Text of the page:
This is very different from the state of affairs under feudalism, where it was obvious when the peasant worked on their own land to meet their own subsistence requirements and when they worked on their lord’s demesne to grow crops for the lord of the manor and his retainers.

Effect on workers consciousness

In this way while under feudalism the peasantry was held in check only through the threat of armed force (or eternal damnation in Hell), under capitalism workers will usually willingly acquiesce in their own exploitation since on surface appearances all that takes place is a free and equal exchange.

As Marx put it in Chapter 28 of Capital (Volume 1):

It is not enough that the conditions of labour are concentrated in a mass, in the shape of capital, at the one pole of society, while at the other are grouped masses of men, who have nothing to sell but their labour-power. Neither is it enough that they are compelled to sell it voluntarily. The advance of capitalist production develops a working-class, which by education, tradition, habit, looks upon the conditions of that mode of production as self-evident laws of Nature. The organisation of the capitalist process of production, once fully developed, breaks down all resistance. The constant generation of a relative surplus-population keeps the law of supply and demand of labour, and therefore keeps wages, in a rut that corresponds with the wants of capital. The dull compulsion of economic relations completes the subjection of the labourer to the capitalist. Direct force, outside economic conditions, is of course still used, but only exceptionally. In the ordinary run of things, the labourer can be left to the “natural laws of production,” i.e., to his dependence on capital, a dependence springing from, and guaranteed in perpetuity by, the conditions of production themselves.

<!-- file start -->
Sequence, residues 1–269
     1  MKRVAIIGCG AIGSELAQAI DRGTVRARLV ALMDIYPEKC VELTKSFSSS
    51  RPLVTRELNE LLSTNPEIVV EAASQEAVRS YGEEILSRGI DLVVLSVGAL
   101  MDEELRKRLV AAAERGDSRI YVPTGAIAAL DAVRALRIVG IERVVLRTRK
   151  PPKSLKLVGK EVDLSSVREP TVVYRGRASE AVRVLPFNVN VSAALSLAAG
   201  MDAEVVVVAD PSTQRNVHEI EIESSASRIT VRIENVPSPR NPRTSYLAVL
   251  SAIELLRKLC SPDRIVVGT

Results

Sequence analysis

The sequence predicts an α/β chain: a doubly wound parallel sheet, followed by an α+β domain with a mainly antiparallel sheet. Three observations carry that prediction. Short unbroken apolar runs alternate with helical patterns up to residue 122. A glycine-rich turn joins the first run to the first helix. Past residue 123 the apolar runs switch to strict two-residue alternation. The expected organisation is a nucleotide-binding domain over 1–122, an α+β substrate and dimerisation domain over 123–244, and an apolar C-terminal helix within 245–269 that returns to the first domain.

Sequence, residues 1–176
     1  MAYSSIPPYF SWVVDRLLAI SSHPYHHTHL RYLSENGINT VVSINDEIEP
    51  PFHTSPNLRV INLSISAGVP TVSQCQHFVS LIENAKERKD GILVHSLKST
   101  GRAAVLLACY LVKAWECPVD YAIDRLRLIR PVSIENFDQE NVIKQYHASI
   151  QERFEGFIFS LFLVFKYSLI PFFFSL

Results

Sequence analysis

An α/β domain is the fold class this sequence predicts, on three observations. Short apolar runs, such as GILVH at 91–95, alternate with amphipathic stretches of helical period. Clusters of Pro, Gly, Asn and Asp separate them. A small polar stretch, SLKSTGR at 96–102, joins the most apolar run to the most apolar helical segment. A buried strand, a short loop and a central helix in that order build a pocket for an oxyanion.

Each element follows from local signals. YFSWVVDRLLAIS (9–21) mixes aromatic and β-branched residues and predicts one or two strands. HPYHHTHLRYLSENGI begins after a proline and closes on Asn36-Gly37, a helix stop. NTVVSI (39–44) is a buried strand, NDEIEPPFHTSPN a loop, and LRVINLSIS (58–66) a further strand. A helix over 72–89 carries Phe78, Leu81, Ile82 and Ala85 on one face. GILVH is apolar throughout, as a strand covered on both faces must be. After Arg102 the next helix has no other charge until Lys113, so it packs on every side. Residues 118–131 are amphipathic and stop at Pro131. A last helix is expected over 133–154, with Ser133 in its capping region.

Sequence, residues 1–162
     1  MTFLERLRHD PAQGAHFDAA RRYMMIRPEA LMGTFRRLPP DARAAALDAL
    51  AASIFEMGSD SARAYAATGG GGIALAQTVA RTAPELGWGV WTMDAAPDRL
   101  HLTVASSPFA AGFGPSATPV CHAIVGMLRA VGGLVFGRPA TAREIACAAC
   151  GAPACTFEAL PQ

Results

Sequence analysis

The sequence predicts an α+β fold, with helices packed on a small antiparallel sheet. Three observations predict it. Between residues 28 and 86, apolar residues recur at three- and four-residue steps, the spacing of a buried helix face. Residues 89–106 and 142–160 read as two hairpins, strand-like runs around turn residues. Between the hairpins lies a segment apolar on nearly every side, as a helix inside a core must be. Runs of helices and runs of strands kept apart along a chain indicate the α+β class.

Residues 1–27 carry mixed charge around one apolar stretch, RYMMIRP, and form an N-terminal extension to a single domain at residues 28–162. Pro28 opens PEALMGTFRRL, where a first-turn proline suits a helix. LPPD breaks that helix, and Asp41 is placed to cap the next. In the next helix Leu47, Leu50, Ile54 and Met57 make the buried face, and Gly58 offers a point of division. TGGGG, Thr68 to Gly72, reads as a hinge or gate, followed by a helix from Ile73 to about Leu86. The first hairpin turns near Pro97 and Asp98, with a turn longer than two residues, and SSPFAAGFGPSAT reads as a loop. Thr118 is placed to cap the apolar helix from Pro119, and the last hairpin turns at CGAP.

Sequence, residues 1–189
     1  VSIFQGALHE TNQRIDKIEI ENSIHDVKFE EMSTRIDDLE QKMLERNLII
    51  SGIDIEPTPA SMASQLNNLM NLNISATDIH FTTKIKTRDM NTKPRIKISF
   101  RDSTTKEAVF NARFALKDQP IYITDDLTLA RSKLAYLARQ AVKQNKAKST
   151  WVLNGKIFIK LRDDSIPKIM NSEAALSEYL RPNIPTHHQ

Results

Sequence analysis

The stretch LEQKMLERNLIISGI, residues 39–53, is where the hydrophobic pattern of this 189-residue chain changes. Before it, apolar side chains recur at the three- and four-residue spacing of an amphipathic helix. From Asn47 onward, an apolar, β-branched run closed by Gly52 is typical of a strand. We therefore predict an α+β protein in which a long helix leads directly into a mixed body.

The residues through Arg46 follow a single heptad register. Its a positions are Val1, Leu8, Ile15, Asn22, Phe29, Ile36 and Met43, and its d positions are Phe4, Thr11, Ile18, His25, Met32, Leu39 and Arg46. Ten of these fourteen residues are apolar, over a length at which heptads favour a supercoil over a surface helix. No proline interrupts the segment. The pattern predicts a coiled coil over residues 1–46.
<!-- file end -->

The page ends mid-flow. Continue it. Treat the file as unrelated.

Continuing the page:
To be sure, from their practical experience an individual worker will often perceive a common interest in joining with other workers together to sell their labour at a higher price (through a trade union) or support efforts to legislate for better working conditions.  However they will not spontaneously draw from this experience the revolutionary conclusion that they are being exploited – not just by the lack of fairness or compassion of a particularly reactionary employer – but by the economic system itself.

Need for a revolutionary political organisation

This realisation, as Marx made clear in the Communist Manifesto, can only come about through the organised intervention of a revolutionary political organisation.  As he put it:

The Communists, therefore, are on the one hand, practically, the most advanced and resolute section of the working-class parties of every country, that section which pushes forward all others; on the other hand, theoretically, they have over the great mass of the proletariat the advantage of clearly understanding the line of march, the conditions, and the ultimate general results of the proletarian movement.

In the Communist Manifesto Marx also made clear that it was the actual process of struggle against the capitalist class which would create the preconditions for the future socialist society.  In this sense, what mattered were not so much the demands or slogans under which workers were organised but rather the dialectical process that led them to see themselves as a collective revolutionary subject, as opposed to merely an agglomeration of marginalised individuals.

As for the often quoted section of the manifesto which says that

The Communists do not form a separate party opposed to the other working-class parties…

it should be born in mind that this was written in 1848 – before the historic betrayals of the Second International in World War I and successive social democratic governments throughout Europe in the decades since then. However, in places such as Venezuela where new untried and untested working class movements, oscillating between reform and revolution, have emerged in recent years Marx’s advice still holds good.

The most important thing that we as 21st century socialists can learn from Marx is not to fetishise programs or lists of demands (which change depending on the time in history and geographical place) but rather to stress the need for self-activity of workers and to overcome all barriers (racial, sexual, national) to class unity.

This is the reason why the Workers Party includes “open borders” as well as  “opposition to all New Zealand and Western imperialist intervention in the Third World and all Western imperialist alliances” in our 5 point platform, but does not lay out a prescriptive plan or blueprint telling workers how to implement socialism, such as calls to nationalise industries a b and c or more spending on social programs x y and z (such points may be raised as secondary agitational demands during an election campaign, but do not challenge or advance the existing level of consciousness in the same way that slogans such as “open borders” or “workers should be running the country” do).